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Institute of Advanced Study

Professor Christer Bruun

IAS Fellow at Collingwood College, Durham University (October - December 2009)

Christer Bruun is an historian of the ancient Roman world at the University of Toronto. He has published widely on questions relating to the social, cultural and administrative history of both the Roman Republic and the Roman imperial period. He was a Visiting Student at Oxford (Brasenose College) for two terms in 1988-89 and a Visiting Scholar at Wolfson College, Oxford, during 1992. In the academic year 1993-94 he was an Alexander von Humboldt Fellow at the Universität zu Köln (hosted by W. Eck), and in 1994 he took up his position in the Classics Department at the University of Toronto, where he was promoted to Full Professor in 2005, and is currently Graduate Coordinator and Associate Chair. In the first part of 1997 he was Visiting Professor at the University of Odense (now U. of Southern Denmark). Most of his time outside Finland and Canada has been spent in Rome, where he has lived some seven years in total, the most recent continuous stretch being the academic years 1997-2000, during which time he was Director of the Finnish Institute for Classical Studies, the Institutum Romanum Finlandiae.

He has published or edited five books and some seventy articles in English, German or Italian, besides a dozen articles in Swedish or Finnish, and some sixty book reviews, and he has been a columnist in Hufvudstadsbladet, the largest Swedish daily in Finland, since 1998. He worked part or full time as a journalist for the Swedish section of the Finnish Broadcasting Corporation (Yleisradio) from 1980 to 1987. Among his works are The Water Supply of Ancient Rome (1991), The Roman Middle Republic (ed., 2000), Ostia e Portus nelle loro relazioni con Roma (ed. with A. Gallina Zevi, 2002), and I bolli laterizi di Roma e della Valle del Tevere: produzione, storia economica e topografia (ed., 2005).

His fields of expertise include Ancient water supply, Roman government, Roman epigraphy (he is currently co-editing, with J.C. Edmondson, the Oxford Handbook of Roman Epigraphy), the topography of Rome, and generally questions of Roman culture and society. He has also published on questions in medieval history (naming practices, water supply), in Renaissance history (the reception of Frontinus and water administration in Rome of the XV-XVII centuries), and in more recent history (the diaries of J.W. von Goethe, Classical studies in Odessa), or even relating to his own times (the rise of the Finnish radical youth movement in the 1970s, (in Swedish)). One of his current major projects is a study of Roman Ostia. While at the Institute of Advanced Study, he intends to work on aspects of Roman water legislation.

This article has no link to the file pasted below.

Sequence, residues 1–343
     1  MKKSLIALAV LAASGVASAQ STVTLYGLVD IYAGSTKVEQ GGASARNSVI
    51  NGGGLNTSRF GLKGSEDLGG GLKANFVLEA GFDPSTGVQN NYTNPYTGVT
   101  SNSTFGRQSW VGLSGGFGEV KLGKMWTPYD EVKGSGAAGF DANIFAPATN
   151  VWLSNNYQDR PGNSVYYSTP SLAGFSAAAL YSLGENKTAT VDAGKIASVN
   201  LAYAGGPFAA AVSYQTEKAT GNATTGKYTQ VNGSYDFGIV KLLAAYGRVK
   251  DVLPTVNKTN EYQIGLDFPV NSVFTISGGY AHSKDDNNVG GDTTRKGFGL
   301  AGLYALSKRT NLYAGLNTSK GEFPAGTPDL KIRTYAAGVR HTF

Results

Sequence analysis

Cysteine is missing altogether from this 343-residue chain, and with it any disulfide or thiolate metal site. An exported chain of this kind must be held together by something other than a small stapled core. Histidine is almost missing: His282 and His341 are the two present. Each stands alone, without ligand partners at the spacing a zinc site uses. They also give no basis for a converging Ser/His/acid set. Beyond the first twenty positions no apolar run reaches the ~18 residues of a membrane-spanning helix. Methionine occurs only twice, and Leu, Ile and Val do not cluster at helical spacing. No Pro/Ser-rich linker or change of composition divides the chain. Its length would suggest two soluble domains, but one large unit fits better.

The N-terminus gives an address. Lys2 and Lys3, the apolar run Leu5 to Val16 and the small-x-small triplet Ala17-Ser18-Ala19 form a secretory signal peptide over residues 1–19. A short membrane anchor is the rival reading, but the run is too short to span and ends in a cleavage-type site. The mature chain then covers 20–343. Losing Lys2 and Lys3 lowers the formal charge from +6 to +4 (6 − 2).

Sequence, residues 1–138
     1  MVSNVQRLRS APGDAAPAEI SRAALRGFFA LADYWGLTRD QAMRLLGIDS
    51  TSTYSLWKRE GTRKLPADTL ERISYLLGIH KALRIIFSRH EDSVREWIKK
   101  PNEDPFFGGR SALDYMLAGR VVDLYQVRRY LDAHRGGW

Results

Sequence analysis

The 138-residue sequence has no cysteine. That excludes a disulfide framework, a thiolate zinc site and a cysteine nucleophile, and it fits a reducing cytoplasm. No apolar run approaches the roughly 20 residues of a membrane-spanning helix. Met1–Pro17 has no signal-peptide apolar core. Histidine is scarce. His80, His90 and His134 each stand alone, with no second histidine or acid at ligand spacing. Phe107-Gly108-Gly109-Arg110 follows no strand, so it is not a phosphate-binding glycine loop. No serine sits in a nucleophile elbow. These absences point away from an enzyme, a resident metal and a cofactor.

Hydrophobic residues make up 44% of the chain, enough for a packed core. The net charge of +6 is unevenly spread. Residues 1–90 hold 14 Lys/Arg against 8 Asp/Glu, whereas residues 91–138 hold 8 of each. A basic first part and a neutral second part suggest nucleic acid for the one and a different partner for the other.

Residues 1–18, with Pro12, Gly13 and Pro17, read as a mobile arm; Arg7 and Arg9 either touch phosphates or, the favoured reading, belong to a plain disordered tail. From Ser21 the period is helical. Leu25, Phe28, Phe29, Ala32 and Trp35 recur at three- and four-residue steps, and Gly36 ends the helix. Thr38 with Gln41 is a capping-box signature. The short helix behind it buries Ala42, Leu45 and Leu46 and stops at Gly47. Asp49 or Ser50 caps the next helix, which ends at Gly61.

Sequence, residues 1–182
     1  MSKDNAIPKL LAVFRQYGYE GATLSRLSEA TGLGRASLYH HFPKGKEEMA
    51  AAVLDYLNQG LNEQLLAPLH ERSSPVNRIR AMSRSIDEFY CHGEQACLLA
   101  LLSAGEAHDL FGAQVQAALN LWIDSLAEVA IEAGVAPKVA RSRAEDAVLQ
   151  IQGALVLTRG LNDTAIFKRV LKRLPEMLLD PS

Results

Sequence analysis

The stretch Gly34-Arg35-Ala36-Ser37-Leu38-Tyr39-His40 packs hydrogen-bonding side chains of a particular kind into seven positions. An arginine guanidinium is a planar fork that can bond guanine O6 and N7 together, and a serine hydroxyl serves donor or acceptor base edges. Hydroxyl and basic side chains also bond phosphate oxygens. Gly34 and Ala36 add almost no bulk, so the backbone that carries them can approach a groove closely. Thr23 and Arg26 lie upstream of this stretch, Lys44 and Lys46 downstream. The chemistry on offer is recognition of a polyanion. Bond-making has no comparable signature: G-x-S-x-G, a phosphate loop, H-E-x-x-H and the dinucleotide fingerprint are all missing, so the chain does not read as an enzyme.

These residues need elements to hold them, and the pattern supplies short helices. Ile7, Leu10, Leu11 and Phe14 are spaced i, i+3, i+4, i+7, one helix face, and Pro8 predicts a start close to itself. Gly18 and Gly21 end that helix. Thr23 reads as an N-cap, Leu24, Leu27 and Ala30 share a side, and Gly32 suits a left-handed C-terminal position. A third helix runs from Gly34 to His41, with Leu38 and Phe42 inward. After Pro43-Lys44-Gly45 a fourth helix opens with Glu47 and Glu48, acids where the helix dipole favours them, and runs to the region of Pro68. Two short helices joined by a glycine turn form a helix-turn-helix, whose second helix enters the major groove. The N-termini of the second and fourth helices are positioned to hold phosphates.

Fellow's Home Page

Professor Christer Bruun Publications

Bruun, C (2010) 'Water, Oxygen Isotopes and Immigration to Ostia-Portus', Journal of Roman Archaeology, 23, pp. 109-32

Bruun, C (2010) “Cognomina plumbariorum’, Epigraphica, 72, pp. 297-331.



IAS Insights Paper

Abstract

The intellectual rigour of the legal system created by the Romans had no parallel in the ancient Mediterranean world nor in the Near East. A large body of legal texts and interpretations by jurists covered practically every aspect of human life. In this contribution the focus is on legislation on water use.  The article begins by giving a general overview of the various ways in which legislation was created. I am concerned in particular with the role of the Roman emperor. He was powerful, but there was scope also for local decision making. As the imperial period progressed (from 31 BCE), the emperor took over more and more of the legislative functions, although he had trained lawyers or jurists to assist him. Eventually, the mass of Roman legislation (going back to the beginning of the current era or beyond) became too difficult to master, and in Late Antiquity compilations of relevant legislation were made on imperial order. It is almost exclusively thanks to these collections that Roman law survived. The Codex Theodosianus came into force in 438 CE, and the Codex Justinianus and the Digest in 534 CE. Roman private law had always been concerned with the use of water in agriculture (especially for irrigation), but the Codex Theodosianus contains nothing in this regard; the few clauses on water management it contains show concern only for the aqueducts supplying major cities. There is more on agricultural water use in the code of the emperor Justinian, and especially so in the Digest. This article asks whether these differences derive from certain technical factors that regulated how in particular the Theodosian code was compiled, or if we are dealing with real differences in imperial policy.

Insights Paper